I just read an informative entry in Shots blog, which discusses very interesting finding of a study done by researchers at the University of Virginia.  The findings were published in the journal of Child Development, and they focused on the importance and benefits of children's arguments.  Th study reported that children who fight and argue with their parents were more assertive and independent in the future.  Those children were also able to confidently stand by their ideals and morals, but (and that's a big but), only if parents direct them well during these arguments.

Joseph P. Allen, the lead psychologist in this study, explained that parents should consider these arguments not as a nuisance but as a "critical training ground".  Here is a small synopsis of the blog entry by Patti Neighmond:

Teens should be rewarded when arguing calmly and persuasively and not when they indulge in yelling, whining, threats or insults, he says.
In Allen's study, 157 13-year-olds were videotaped describing their biggest disagreement with their parents. The most common arguments were over grades, chores, money and friends. The tape was then played for both parent and teen.
"Parents reacted in a whole variety of ways. Some of them laughed uncomfortably; some rolled their eyes; and a number of them dove right in and said, 'OK, let's talk about this,'" he says.
It was the parents who said wanted to talk who were on the right track, says Allen. "We found that what a teen learned in handling these kinds of disagreements with their parents was exactly what they took into their peer world," with all its pressures to conform to risky behavior like drugs and alcohol.
Allen interviewed the teens again at ages 15 and 16. "The teens who learned to be calm and confident and persuasive with their parents acted the same way when they were with their peers," he says. They were able to confidently disagree, saying 'no' when offered alcohol or drugs. In fact, they were 40 percent more likely to say 'no' than kids who didn't argue with their parents.
From my own perspective I can completely understand and agree with these findings.  As some of you followers might have already have read, I commonly say "every opportunity is a learning opportunity".  These arguments are bound to happen, and it is your choice as a parent to use your strength and power to instill fear or instill respect.  Fear will only last for a short period of time, and then encourage lying and escapist behavior; respect will be lifelong with the added benefit of building your child's character.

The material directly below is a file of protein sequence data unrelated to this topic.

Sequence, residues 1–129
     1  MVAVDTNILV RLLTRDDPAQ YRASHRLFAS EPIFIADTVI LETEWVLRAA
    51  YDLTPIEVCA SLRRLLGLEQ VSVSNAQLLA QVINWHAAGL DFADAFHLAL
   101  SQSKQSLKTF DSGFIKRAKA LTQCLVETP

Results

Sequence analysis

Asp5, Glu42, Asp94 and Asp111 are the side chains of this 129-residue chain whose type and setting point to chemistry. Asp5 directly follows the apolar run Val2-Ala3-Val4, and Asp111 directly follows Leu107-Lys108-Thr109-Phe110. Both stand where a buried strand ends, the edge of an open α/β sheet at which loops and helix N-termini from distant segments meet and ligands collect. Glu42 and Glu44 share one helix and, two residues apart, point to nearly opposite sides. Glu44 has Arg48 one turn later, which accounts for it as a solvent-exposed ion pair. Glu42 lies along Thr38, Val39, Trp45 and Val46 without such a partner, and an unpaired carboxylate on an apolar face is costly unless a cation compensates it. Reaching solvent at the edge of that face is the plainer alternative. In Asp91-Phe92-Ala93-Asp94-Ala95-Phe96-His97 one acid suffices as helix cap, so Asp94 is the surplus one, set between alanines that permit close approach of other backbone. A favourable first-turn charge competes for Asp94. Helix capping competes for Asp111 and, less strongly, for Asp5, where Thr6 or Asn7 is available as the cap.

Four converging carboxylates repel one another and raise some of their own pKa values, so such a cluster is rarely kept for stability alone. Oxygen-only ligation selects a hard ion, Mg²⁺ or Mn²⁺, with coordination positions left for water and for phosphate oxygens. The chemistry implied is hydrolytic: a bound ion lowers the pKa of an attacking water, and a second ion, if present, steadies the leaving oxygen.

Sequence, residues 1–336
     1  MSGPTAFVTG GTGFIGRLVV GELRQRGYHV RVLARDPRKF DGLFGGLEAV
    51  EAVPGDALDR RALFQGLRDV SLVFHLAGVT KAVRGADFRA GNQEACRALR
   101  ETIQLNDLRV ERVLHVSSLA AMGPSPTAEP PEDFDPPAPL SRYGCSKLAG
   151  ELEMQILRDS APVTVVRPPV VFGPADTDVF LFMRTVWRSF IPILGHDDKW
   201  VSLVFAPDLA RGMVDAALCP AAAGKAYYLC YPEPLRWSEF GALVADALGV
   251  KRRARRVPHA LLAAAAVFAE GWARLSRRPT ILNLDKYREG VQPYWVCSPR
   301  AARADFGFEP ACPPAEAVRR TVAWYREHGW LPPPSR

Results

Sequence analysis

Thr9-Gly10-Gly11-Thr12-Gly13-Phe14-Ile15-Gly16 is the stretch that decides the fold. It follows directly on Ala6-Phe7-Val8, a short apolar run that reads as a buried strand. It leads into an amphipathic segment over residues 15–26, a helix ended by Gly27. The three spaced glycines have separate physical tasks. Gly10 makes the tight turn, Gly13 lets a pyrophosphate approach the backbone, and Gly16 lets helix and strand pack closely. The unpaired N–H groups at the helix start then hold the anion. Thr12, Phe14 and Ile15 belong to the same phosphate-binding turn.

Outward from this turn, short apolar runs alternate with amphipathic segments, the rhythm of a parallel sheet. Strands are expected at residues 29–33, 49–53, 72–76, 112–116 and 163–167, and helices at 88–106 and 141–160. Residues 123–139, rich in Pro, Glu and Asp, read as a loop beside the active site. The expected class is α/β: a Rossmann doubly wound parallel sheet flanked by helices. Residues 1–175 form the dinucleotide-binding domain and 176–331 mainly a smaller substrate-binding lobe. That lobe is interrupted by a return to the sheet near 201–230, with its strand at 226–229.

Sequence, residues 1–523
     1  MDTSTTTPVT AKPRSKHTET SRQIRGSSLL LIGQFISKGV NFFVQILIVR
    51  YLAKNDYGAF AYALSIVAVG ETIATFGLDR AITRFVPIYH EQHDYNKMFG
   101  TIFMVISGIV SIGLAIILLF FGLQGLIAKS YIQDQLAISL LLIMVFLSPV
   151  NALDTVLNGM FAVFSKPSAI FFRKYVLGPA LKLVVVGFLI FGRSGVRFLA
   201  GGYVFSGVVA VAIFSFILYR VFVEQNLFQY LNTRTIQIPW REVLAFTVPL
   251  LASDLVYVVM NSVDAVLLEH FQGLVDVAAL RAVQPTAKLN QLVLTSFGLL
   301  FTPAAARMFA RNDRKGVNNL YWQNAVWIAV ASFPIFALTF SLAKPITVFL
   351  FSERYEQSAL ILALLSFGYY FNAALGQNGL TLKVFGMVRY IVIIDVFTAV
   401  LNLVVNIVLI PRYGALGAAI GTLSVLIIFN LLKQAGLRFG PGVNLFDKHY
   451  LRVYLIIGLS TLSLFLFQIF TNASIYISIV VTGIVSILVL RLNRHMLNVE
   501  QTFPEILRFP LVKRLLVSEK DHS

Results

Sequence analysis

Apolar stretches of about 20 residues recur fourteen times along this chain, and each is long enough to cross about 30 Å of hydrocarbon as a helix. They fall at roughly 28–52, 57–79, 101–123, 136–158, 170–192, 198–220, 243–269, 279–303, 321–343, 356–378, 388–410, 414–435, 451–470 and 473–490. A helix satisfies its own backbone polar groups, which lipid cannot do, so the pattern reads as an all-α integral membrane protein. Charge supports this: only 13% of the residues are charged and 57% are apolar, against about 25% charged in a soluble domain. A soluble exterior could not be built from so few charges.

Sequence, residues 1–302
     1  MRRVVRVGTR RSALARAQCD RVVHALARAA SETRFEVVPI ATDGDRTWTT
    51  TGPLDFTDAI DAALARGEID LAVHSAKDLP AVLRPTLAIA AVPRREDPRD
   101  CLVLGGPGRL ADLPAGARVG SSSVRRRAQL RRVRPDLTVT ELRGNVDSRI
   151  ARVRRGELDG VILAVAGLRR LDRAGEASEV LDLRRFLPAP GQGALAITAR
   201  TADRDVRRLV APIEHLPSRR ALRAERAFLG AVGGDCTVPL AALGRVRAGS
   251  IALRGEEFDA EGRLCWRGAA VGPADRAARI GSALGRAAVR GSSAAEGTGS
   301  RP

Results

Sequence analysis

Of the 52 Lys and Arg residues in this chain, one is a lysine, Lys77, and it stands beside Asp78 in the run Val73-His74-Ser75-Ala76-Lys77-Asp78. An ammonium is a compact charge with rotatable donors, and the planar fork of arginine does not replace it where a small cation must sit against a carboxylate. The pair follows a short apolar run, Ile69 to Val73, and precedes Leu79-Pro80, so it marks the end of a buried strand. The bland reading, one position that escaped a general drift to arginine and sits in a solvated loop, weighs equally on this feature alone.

Follow the link for the full blog entry.

Monday, January 2, 2012

Healthy Eating...

One of the most common resolutions for New Year is to be more healthy...  Very often, people are confused about the difference in terminology between "natural", "organic" and "health" foods.  The following is an explanation of these differences by Healthy Children's blog:

Although these terms are often used interchangeably, they have different meanings.
  • Organic foods are grown without artificialpesticides, fertilizers, or herbicides. Organic meat, eggs, and dairy products are obtained from animals that are fed natural feed and not given hormones orantibiotics.
  • Natural foods are free of synthetic or artificial ingredients or additives.
  • “Health foods” is a general term that may be applied to natural or organic foods, or to regular foods that have undergone less processing than usual, such as stone-ground whole-grain flours.
Although some have claimed that organic foods have a higher concentration of some nutrients, the evidence is mixed. The nutritional content of foods also varies greatly according to when the food was harvested and how it has been stored or processed. Unless they are fresher, there is also no evidence that organic, natural, or health foods taste better than regular foods. However, taste is determined by plant genetics, rather than by whether the crop is organically or conventionally grown. Harvesting and handling also affect taste. A peach or tomato that is picked when it is too green will never develop the full taste of fruit that is allowed to ripen on the tree or the vine.
Although the type of fertilizer may not affect taste or nutrition, it does have an effect on theenvironment. Many people prefer to pay premium prices for organic foods because their production does not cause environmental damage from pesticides and herbicides, and composted fertilizers help restore soil and are not as damaging to the environment as artificial fertilizers. However, simply stating “organic” does not protect the food from being contaminated from field to market.

What are your resolutions?